Chronic cough can cause significant distress to the whole family; therefore, it is important to explore the reasons for parental anxiety and reassure the parents that a watch and wait policy is probably all that is needed. Simultaneously, it is necessary to detect environmental exacerbating factors and attempt to eliminate them. Providing parents with information on the expected time to resolution of acute respiratory infections may reduce anxiety in parents and the need for medication use and additional consultation. Appreciation of specific concerns and anxieties, and an understanding of why they present are thus important when consulting children with non-specific cough.

IMPLICATIONS FOR RESEARCH

Chronic non-specific cough is a common condition. An increased awareness of its impact on the child, their development and their family would assist in continuing to promote the importance of research into this area.

There is a need for more detailed study of cough response in chronic non-specific cough, as it might one day lead to more effective treatments being trailed. Questions continue to be raised as to the interaction between cough receptors and inhaled irritants or allergens and the associated inflammatory response. Exploring these issues, however, may prove challenging in children where invasive sampling is difficult to justify in a condition that is not life threatening. The application of non-invasive methods for assessing the function of the lower airways in non-specific cough should continue to be explored. It may also be beneficial to consider the argument of nature versus nurture. With increased understanding of human genetics, it may be that studies aimed at understanding genetic predisposition to cough would prove informative.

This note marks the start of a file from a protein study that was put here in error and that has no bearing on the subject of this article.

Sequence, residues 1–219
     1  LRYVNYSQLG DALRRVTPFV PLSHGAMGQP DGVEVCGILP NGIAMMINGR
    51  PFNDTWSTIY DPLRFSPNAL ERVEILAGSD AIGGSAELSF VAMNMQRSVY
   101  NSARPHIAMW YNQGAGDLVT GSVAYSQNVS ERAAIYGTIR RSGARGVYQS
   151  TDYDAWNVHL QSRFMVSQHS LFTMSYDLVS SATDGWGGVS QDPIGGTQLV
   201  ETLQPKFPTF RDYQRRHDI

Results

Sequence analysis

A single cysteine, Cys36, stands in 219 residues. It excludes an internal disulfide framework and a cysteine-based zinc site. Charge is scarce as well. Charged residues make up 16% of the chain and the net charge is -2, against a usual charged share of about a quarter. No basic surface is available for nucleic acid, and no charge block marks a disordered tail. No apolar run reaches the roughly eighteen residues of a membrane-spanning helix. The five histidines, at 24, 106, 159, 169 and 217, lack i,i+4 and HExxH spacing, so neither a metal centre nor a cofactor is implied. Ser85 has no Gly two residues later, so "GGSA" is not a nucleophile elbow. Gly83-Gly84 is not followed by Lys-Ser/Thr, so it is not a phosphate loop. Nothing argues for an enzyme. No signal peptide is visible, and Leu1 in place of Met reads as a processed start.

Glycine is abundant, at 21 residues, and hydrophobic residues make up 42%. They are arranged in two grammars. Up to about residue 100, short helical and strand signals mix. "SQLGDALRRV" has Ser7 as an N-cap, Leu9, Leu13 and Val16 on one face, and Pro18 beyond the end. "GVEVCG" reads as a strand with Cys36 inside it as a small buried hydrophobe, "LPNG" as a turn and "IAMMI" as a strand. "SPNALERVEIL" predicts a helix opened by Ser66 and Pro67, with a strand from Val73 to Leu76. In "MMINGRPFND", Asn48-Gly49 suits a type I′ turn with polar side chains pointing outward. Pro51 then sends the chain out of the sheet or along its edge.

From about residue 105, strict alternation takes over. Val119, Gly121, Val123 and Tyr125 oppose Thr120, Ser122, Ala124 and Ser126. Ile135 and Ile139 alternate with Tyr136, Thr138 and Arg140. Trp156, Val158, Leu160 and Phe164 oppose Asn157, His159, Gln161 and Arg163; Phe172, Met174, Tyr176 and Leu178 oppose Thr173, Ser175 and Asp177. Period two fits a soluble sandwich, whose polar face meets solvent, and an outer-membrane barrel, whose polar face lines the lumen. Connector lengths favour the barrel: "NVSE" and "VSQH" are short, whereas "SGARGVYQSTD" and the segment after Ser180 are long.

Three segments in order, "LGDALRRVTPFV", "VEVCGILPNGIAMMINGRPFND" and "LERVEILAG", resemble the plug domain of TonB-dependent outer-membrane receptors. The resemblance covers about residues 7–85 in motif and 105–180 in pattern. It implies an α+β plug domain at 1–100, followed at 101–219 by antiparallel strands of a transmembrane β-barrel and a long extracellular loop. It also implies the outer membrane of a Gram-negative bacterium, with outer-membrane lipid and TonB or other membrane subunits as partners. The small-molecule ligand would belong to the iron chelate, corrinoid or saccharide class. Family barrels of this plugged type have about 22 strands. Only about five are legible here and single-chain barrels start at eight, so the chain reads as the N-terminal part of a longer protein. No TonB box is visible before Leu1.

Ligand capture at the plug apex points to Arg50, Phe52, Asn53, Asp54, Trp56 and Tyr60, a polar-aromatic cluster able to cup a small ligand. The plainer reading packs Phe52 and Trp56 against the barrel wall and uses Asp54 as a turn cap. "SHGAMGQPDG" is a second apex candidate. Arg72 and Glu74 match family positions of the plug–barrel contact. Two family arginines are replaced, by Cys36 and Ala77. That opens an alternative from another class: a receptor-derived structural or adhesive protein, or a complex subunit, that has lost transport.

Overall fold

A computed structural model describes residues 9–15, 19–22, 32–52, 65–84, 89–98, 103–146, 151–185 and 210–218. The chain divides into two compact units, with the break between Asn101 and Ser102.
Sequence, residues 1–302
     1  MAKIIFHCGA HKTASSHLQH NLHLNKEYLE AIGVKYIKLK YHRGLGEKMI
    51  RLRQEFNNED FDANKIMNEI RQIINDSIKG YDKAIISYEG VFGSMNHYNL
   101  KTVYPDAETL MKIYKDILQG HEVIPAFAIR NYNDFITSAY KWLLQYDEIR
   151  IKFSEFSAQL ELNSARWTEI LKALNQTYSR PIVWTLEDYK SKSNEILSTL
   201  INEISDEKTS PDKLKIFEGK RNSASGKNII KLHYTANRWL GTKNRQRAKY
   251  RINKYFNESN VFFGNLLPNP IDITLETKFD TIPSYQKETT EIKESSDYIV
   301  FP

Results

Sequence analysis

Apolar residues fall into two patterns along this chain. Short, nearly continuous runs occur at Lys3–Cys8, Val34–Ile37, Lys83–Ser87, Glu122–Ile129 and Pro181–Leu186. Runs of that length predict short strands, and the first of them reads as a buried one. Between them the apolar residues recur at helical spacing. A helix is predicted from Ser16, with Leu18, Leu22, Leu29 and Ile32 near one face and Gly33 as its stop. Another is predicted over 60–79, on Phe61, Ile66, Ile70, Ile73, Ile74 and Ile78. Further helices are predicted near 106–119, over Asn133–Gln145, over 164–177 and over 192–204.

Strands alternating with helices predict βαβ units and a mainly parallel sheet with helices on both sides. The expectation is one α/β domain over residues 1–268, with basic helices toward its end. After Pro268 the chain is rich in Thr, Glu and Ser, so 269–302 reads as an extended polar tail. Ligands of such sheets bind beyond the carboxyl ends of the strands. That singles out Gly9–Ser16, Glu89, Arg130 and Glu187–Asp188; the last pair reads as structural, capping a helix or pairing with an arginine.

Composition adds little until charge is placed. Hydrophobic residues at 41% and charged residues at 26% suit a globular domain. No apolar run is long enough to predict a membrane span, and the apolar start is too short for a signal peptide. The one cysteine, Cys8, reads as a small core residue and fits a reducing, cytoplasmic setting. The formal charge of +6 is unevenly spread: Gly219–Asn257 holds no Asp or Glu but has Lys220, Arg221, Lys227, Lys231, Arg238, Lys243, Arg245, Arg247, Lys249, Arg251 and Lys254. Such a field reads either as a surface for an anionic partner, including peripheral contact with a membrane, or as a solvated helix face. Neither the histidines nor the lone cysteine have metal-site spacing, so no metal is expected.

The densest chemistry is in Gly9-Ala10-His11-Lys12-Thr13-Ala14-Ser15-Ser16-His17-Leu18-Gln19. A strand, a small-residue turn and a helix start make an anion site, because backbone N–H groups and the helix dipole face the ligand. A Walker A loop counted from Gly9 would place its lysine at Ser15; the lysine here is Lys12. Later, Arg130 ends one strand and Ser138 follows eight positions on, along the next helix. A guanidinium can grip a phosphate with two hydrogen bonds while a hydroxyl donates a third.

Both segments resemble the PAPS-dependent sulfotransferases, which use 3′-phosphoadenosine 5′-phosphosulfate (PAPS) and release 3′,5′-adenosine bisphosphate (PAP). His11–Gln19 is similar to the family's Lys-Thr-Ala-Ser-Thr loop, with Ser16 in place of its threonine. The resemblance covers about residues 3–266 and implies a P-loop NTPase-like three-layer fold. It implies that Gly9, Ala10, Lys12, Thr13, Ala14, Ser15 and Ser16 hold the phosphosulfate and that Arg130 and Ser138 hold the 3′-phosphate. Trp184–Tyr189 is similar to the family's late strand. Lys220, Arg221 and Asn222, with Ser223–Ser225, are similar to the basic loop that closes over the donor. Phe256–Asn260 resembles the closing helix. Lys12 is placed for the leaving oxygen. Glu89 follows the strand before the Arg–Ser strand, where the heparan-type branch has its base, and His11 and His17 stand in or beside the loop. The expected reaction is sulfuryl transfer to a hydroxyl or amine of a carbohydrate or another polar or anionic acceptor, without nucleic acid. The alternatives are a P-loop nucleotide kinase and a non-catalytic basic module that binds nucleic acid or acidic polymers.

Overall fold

In summary, cough in children is very common and, in the majority, is reflective of expected childhood respiratory infections. However, chronic cough may also be representative of a significant serious disorder and all children with chronic cough should have a thorough clinical review to identify worrying features suggestive of an underlying respiratory and/or systemic illness.

REFERENCES